himself who has consistently - and deliberately -
failed to open ICANN up, keeping  meetings
secret, and refusing to release information about
discussions either before a  meeting and, in some
cases, after the meeting. A stark warning came
from the Canadian government - the only
government except for the  US government invited
to speak. Recent arrival, but highly
knowledgeable representative,  Bill Graham was
extraordinarily clear. "It is time for ICANN to
recognise that it is in many  ways a
quasi-judicial body and it must begin to behave
that way," he said. "The ICANN board needs to
provide adequate minutes of all its meetings.
There needs to  be a notice of what issues will
be considered, and the timeframe when a decision
is made.  A written document needs to be posted
setting out the background and context of the
issues. There needs to be an acknowledgment and a
summary of the positions put forward  by various
interested parties; there needs to be an analysis
of the issues; there needs to be  an explanation
of the decisions and the reasons for it; and
ultimately there needs to be a  mechanism for the
board to be held accountable by its community."
Everyone recognised the meeting as an historic
turning point in the future of the internet,
causing a strange amount of one-upmanship among
those taking part, most of it covering  how long
they had been involved with ICANN. Paul Twomey
referred to the Berlin  meeting (1999); an
irregular ICANN contributor (on the panel thanks
to US governmental  influence) spoke of "being
there before ICANN was even created". The swagger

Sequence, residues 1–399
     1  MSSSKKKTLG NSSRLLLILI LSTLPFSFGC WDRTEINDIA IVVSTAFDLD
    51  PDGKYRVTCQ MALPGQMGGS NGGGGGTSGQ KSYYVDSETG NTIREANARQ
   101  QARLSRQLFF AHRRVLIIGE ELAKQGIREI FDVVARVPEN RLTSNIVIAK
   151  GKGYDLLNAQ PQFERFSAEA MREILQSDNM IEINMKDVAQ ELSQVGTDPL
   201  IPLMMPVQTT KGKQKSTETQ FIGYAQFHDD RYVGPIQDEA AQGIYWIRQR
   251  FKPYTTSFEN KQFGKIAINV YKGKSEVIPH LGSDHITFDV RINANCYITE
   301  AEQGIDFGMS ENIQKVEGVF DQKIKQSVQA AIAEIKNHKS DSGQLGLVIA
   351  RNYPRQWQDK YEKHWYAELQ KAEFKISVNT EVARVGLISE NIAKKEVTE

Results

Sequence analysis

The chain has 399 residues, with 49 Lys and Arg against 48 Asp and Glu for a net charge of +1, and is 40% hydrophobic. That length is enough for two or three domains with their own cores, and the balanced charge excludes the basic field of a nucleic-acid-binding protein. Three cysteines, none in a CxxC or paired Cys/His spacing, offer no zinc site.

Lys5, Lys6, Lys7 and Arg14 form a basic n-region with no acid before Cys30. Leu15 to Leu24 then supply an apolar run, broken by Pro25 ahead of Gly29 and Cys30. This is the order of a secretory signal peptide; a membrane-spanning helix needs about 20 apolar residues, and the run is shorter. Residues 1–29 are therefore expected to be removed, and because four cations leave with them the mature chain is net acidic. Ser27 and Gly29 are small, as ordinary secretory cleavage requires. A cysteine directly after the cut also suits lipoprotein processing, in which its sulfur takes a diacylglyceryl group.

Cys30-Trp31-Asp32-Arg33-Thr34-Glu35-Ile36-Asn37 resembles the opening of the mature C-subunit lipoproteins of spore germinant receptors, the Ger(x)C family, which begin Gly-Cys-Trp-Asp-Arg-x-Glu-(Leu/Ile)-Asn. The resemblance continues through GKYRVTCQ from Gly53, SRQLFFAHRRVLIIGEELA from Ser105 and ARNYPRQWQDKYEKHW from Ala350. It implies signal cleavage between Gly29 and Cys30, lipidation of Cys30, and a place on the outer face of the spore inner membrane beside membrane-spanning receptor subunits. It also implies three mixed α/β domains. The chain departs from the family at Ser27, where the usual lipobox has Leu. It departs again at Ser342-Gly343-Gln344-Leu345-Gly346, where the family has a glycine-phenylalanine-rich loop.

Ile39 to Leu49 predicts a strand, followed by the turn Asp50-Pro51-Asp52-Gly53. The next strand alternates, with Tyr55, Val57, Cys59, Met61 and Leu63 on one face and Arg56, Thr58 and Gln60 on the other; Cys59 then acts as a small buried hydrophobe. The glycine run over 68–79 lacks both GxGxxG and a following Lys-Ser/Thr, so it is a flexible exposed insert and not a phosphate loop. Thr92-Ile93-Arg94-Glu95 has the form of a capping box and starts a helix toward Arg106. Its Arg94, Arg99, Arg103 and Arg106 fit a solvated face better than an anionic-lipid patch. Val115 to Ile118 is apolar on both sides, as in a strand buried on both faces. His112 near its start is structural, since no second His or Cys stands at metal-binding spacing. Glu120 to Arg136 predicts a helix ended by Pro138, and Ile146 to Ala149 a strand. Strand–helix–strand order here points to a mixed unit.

got so  bad that several well-informed
contributors were forced to apologise because
they had only  been to three ICANN meetings.
Ultimately, what came out of a gathering of the
(English-speaking) great and the good  regarding
the internet was two things: That the US
government recognises it has to transition its
role if it wants to keep the  internet in one
piece (and it then has to sell that decision to a
mindlessly patriotic  electorate) 1. That ICANN
has to open up and allow more people to decide
its course if it is going  to be allowed to
become the internet's main overseeing
organisation 2. If you ignore the fact that the
conversation only happened within a tiny subset
of the people  that actually use the internet,
everyone can feel quite content in walking away
feeling that at  least people now understand
their point of view. As a rare non-US
contributor, Emily Taylor, Nominet's lawyer, UK
citizen, and a member of the IGF Advisory Group
told us she felt that "the fact that the meeting
took place was as  valuable as anything that was
discussed". That much is certainly true. The US
has recognised that it can no longer hope to
control the  internet. The next step is for
everyone invited into the party this time to
recognise that they  too play only a small role
in the global revolution that is this jumble of
interconnected  computer networks. ® Related
stories Future of the net to be decided tomorrow
(25 July 2006)
US government urged again to end net role (21
July 2006)
US government told to take its hands off internet
(15 July 2006)
The internet needs YOU! (2 July 2006)
Governments to decide future of net (28 June
© Copyright 2006